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April 25, 2018

Cumberland eyes $1.1M municipal solar array at its landfill

The town of Cumberland plans to work with ReVision Energy on the potential installation of a municipal solar array on top of capped landfill on Drowne Road.

The Forecaster reported the installation of a solar farm would be designed to meet most of the town's electricity needs. At a town council meeting on Monday, though, several residents of the nearby Village Green housing development expressed concerns about potential visual impacts and adverse effects on property values. No other locations have been considered thus far.

"The neighborhood increasingly feels, sounds and looks like an industrial complex with decisions made by the town that blatantly disfavor Village Green and renege on previous agreements," Katherine Pelletreau of Drowne Road wrote in a letter to the council.

She added that meeting the town's energy needs through alternative sources of power makes sense, "but there are lots of better spaces." Dennis and Mary Chick said that "locating on a landfill appears to be a good choice for South Portland and Belfast, but these locations are not adjacent to planned subdivisions or neighborhoods."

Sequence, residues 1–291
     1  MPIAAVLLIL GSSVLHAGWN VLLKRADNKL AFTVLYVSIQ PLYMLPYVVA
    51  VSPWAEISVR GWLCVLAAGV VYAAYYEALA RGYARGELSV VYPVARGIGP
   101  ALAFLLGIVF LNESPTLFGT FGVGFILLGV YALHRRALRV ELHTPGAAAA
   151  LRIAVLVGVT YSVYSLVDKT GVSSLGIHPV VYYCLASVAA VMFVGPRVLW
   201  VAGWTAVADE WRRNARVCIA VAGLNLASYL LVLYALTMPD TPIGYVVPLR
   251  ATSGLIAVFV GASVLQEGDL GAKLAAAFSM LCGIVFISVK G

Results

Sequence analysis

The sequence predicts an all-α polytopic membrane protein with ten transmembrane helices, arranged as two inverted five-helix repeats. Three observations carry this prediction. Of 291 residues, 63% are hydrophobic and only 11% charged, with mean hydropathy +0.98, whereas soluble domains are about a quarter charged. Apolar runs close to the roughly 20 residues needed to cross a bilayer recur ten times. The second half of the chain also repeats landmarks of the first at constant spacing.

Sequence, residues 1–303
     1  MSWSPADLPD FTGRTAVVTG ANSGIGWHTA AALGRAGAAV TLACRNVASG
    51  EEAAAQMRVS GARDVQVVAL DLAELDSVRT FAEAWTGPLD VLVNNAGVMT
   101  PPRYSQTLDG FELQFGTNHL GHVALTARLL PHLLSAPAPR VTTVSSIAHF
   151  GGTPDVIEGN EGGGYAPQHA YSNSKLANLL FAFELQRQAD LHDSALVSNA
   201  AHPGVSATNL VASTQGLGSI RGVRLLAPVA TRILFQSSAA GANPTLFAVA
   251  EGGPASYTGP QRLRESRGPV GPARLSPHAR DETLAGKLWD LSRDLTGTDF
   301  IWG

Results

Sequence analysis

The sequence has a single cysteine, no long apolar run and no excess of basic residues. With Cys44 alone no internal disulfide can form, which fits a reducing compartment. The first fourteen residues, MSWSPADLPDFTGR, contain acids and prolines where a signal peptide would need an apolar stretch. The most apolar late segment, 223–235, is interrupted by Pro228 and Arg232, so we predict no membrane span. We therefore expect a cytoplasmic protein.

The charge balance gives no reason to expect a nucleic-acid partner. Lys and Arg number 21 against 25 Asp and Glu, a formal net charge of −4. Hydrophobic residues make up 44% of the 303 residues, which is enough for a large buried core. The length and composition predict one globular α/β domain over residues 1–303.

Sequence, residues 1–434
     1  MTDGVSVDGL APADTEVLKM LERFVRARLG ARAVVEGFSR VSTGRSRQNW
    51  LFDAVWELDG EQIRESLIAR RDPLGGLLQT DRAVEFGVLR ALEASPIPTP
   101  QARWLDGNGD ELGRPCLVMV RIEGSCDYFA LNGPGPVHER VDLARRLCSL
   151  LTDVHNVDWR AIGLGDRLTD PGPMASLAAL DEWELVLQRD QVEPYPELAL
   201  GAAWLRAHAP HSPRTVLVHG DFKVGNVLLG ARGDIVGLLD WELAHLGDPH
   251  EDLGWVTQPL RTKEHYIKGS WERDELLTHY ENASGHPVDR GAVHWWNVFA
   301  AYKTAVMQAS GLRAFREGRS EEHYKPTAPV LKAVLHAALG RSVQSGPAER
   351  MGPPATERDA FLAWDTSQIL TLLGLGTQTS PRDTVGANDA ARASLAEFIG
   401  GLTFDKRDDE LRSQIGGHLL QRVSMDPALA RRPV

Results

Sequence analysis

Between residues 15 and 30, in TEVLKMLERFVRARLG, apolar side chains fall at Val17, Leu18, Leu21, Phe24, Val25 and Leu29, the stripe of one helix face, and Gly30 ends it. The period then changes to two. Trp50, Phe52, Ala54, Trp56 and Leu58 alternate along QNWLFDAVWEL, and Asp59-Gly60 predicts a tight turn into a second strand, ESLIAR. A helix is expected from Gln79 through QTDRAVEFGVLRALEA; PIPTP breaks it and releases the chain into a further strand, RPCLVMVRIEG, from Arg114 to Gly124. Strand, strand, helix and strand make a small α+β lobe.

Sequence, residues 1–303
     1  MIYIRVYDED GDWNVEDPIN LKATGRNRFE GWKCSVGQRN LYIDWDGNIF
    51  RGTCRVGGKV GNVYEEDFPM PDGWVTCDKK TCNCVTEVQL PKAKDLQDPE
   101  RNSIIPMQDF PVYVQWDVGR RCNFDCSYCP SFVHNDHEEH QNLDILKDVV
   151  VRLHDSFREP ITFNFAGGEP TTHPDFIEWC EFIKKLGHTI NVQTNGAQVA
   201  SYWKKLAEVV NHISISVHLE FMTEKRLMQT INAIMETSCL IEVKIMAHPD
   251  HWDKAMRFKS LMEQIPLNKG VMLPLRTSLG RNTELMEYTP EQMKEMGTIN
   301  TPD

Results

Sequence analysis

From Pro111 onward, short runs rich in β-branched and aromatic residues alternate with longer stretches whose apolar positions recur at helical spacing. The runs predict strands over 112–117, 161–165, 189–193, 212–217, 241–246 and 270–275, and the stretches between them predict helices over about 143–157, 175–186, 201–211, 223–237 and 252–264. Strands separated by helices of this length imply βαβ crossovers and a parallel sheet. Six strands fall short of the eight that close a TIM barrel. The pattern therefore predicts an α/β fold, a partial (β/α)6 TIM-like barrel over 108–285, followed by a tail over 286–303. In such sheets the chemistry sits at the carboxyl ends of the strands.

ReVision proposes building a $1.1 million array, with 1,376 panels that generate about 617,000 kilowatt-hours annually.

Cumberland is the latest to consider a municipal array. Earlier this month, the town of St. George flipped the switch on its new solar array atop the roof of the town's transfer station, which is expected to supply 90% of power to municipal buildings. The town of Camden fired up its first municipal solar array in January. In 2017, the city councils of Portland and South Portland approved contracts with Portland-based ReVision Energy to create two of the state's largest municipal solar farms on each city's former landfill.

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